Investigation to be launched into SA’s anti-doping legislation delay
Sports minister Zizi Kodwa alleged that WADA's sanctions had been an attempt to "slander" the government and the ANC.
Sports minister Zizi Kodwa. Picture: Christiaan Kotze/Gallo Images
Though he confirmed there would be an investigation into who was responsible for the delay in updating legislation, sports minister Zizi Kodwa stopped short of suggesting heads would roll after the country was given some respite from global sporting sanctions on Tuesday.
Following an appeal filed by the SA Institute for Drug-Free Sport (SAIDS), Kodwa said the SA flag would continue to be flown and the national anthem would be played at upcoming World Cup matches, until the Court of Arbitration for Sport (CAS) had made a ruling.
The delayed sanctions, which were expected to be enforced on Friday, were a result of South Africa not updating its legislation in line with the World Anti-Doping Code which was amended in 2021. It was one of only two countries, along with Bermuda, which had failed to meet the deadline.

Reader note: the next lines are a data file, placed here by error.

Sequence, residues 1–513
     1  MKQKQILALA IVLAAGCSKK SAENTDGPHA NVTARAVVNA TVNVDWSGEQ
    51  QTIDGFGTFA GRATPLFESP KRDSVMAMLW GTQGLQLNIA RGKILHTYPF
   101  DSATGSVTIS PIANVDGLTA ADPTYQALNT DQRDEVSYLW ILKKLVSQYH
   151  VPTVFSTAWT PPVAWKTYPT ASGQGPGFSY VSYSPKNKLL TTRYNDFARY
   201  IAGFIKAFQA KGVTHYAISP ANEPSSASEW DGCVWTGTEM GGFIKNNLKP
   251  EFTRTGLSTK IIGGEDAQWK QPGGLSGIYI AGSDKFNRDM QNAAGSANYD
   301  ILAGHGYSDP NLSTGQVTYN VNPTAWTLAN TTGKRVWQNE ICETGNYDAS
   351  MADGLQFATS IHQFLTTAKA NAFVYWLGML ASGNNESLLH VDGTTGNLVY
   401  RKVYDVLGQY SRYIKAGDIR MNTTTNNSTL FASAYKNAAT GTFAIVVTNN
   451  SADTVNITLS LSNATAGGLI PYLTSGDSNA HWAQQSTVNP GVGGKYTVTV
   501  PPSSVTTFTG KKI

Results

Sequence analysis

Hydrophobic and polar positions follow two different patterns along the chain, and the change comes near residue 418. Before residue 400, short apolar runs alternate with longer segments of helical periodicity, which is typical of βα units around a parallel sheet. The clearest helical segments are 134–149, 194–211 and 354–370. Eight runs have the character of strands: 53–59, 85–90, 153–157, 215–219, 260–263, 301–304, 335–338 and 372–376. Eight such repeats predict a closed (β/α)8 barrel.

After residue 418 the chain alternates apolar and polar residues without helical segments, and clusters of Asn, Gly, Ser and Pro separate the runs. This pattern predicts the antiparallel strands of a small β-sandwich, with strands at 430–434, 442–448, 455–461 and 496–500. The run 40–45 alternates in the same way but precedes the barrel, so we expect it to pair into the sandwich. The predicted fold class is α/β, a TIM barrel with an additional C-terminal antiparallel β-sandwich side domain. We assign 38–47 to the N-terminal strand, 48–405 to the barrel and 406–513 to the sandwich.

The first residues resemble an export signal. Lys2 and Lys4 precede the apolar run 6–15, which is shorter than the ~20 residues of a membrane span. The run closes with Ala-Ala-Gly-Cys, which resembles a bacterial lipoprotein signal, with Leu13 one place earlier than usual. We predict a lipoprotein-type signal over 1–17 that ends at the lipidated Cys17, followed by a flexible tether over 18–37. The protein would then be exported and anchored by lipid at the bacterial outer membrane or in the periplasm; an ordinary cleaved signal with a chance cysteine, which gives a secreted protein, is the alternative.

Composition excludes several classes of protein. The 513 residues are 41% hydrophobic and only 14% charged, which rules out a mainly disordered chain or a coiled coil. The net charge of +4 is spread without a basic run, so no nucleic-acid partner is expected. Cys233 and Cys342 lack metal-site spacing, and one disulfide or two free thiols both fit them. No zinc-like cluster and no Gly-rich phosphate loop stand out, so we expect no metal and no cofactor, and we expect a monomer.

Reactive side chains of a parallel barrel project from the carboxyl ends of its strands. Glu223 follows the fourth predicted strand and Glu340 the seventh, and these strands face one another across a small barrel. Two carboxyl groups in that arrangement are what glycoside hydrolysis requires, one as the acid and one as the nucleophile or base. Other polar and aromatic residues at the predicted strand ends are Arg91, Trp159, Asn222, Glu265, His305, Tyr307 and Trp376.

Kodwa, however, insisted the department’s investigation would have to wait until sanctions had been dealt with, in order to prevent the Springbok rugby team and the Proteas cricket side from being affected during their ongoing World Cup campaigns in France and India.
“My approach to resolving problems is not to play a blame game,” Kodwa said during a media briefing in Cape Town.
“My immediate approach when dealing with a crisis and difficulties is to look for a solution. The issues about who is responsible, sometimes for me that comes a little bit later.
“What I’m looking for now is to focus on the consequences, which as you can see will be very dire for the country… and that is why I am having sleepless nights at the moment.”
Kodwa criticised the World Anti-Doping Agency (WADA) for what he called a “rigid and uncompromising stance”, despite the country being given two years to comply. He claimed the anti-doping body’s sanctions had been an attempt to “slander” the government and the ANC.
In the long run, however, he believed the penalties placed on South Africa would be overturned while the government “fast tracked” the process of updating legislation, in line with both the national constitution and the WADA code.
“I believe the grounds for appeal are strong because the sanctions are not appropriate,” Kodwa said.